Palm’s Disaster. Apple’s Fate.

Here’s an annoying article: Palm’s disaster shows Apple is screwed when Steve Jobs leaves. Look, I’d like Apple’s stock price to drop because I’d like to buy some stock at a discounted rate and enjoy myself when the iPad blows out all the “analysts'” expectations, so go for it.

The Short Version

Jonathan Ive joined Apple in 1992.

The Long Version

Apple definitely benefits from Jobs being there, no question. But when I would rack my brain for the key people at Apple, Jon Rubenstein was not at the top of my list. Jonathan Ive, Tim Cook, and Steve Jobs would be my picks. Tim Cook is expected to replace Jobs if he “leaves”. He was the guy who reduced Dell’s inventory times (the amount of junk in the supply-chain, which determines how quickly you can respond to changes in demand) to the lowest in the industry, and then got poached by Apple and got and kept Apple’s inventory times below Dell’s (it helps not to have 200 different products). This is something everyone in the industry works their asses off at every day of the week and Apple does it better than everyone else.

Indeed, I suspect that one major reason behind Jon Rubenstein’s departure from Apple was that Apple didn’t see him as a captain so much as a gifted lieutenant. And at Palm he did the job of a good lieutenant—they told him to build a nice handset, and he did. What he didn’t do was define the problem. This, by the way, is the difference between tactics—execution—and strategy—deciding what you want to execute. Yes, it’s elephants all the way down (you can always reframe your particular problem and call that “strategy”), but Palm’s fundamental problem was that it was no longer competing against handset makers and therefore the solution to its problems was never going to be merely building a better handset.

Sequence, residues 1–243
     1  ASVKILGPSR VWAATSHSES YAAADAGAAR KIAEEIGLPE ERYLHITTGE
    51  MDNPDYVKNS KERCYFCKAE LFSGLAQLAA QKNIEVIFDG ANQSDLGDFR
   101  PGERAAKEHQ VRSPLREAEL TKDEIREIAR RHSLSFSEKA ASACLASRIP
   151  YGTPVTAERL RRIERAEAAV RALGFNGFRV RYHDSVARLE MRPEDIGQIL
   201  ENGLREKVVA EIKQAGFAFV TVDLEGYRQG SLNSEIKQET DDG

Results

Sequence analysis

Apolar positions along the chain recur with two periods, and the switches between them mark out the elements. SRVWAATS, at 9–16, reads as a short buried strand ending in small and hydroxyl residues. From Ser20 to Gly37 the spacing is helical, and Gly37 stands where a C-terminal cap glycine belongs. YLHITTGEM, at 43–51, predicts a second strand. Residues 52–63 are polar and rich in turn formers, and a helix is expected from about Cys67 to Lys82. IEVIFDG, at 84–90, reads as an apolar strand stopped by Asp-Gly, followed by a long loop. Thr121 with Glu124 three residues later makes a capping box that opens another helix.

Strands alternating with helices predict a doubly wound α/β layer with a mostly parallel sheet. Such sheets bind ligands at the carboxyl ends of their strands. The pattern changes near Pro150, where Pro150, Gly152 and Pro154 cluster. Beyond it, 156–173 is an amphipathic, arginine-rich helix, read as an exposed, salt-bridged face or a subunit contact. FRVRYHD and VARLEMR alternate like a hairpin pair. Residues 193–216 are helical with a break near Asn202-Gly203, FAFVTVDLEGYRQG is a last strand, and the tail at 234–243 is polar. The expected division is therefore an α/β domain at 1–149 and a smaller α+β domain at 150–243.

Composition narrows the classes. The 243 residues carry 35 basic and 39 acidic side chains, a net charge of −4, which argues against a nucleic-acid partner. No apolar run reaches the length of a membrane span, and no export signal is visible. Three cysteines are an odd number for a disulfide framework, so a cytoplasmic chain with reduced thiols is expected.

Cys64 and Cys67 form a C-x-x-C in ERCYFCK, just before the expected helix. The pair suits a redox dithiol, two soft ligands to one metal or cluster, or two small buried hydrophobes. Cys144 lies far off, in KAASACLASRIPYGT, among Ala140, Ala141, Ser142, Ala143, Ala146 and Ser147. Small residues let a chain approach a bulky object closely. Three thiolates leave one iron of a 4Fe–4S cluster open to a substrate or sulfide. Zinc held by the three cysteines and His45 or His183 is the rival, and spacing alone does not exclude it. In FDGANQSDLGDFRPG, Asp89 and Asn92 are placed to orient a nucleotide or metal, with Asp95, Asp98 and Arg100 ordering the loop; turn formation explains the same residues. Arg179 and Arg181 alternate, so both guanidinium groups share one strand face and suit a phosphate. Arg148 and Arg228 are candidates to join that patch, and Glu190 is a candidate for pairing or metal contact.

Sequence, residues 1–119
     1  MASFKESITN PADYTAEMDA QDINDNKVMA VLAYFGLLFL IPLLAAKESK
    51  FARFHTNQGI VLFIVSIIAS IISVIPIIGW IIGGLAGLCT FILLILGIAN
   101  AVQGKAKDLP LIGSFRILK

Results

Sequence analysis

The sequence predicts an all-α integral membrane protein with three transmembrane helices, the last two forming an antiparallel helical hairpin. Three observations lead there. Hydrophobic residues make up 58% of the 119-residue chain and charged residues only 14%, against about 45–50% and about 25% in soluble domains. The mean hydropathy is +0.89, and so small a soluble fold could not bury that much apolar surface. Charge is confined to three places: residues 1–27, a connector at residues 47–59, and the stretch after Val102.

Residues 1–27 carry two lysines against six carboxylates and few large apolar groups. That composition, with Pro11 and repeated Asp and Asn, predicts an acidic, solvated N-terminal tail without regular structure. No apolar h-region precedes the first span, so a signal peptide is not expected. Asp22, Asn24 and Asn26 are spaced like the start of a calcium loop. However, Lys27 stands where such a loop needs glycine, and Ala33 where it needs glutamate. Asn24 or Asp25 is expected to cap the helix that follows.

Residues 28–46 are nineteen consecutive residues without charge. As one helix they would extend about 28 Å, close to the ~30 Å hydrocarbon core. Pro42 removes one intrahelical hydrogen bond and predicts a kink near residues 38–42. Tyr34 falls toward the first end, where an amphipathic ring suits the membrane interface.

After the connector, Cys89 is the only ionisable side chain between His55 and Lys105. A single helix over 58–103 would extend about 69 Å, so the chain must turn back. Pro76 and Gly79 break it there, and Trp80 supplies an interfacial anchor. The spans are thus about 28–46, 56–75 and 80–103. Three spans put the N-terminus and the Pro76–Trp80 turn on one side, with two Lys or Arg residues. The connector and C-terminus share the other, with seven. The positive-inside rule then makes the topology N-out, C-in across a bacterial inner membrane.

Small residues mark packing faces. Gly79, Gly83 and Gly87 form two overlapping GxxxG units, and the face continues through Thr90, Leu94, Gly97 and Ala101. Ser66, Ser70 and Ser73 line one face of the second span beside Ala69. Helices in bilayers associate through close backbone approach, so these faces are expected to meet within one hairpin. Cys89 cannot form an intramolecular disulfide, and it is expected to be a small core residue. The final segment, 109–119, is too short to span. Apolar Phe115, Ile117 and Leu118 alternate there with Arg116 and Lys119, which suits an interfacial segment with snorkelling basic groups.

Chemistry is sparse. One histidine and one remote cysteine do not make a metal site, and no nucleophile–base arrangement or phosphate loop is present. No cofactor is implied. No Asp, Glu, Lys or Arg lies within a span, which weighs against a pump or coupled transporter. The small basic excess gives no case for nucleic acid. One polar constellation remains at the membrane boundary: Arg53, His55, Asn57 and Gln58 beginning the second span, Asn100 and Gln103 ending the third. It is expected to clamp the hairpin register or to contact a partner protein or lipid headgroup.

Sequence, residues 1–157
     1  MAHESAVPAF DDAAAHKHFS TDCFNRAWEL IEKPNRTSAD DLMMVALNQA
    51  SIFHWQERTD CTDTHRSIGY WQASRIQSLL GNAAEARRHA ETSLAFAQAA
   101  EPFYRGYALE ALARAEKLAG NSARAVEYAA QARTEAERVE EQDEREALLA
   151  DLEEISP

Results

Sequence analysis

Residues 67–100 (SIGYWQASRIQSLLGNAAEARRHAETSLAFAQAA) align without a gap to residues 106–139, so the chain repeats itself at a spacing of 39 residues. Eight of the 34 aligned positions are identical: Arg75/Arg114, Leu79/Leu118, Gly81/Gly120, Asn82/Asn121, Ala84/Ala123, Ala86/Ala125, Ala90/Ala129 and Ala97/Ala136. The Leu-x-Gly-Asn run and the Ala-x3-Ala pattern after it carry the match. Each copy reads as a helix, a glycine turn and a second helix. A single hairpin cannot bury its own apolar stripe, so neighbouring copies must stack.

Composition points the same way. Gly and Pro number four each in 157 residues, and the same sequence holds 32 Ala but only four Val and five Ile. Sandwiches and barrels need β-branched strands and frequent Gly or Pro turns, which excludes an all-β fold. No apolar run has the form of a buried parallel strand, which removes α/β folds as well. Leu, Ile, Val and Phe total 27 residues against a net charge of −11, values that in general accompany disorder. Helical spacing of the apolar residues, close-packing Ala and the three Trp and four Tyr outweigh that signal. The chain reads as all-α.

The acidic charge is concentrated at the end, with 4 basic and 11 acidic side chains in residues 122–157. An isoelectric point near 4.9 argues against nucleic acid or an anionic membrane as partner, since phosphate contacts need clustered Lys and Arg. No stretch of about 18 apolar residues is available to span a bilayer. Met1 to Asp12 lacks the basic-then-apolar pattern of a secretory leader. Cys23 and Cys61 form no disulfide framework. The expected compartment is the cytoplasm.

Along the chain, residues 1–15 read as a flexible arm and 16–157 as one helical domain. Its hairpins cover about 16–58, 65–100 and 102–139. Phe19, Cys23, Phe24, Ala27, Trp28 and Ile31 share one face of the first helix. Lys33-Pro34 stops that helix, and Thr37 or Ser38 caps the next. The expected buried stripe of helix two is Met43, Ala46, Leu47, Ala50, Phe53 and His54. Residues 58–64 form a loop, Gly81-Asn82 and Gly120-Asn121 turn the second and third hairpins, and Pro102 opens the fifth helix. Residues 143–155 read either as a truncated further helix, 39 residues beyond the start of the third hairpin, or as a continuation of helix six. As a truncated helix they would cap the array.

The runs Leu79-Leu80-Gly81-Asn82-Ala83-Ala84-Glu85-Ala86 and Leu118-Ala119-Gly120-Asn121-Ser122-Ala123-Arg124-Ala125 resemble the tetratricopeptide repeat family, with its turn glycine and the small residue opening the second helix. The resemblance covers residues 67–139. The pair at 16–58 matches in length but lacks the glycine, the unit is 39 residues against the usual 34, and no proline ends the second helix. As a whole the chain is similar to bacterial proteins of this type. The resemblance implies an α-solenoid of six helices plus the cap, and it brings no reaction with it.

Now, Cook’s talents may seem prosaic compared to Jobs’s ability to—like a sculptor—see the perfect product hidden inside a mare’s nest of useless or unusable features and crappy interfaces and then carve that perfect product out of the dross. And maybe it is. But unlike John Sculley, Tim Cook appears to understand his own limitations. It’s also worth mentioning that in the histories of Apple I’ve read, the single greatest contribution Jobs made to Apple early on was negotiating component prices. One of the things Steve Jobs understands is that there’s no point delivering perfect products if no-one can afford them, and there’s no point selling products if you don’t make money from them. This is why he rebelled against Apple’s upper management (which was behind the $10,000 Lisa), raised a pirate flag, and developed the $1000 Macintosh.

There are two schools of thought on Apple minus Jobs: Apple without Jobs will suck the way it did last time Jobs left Apple. Or, Apple without Jobs will do just fine because Jobs has created a team that “gets it”.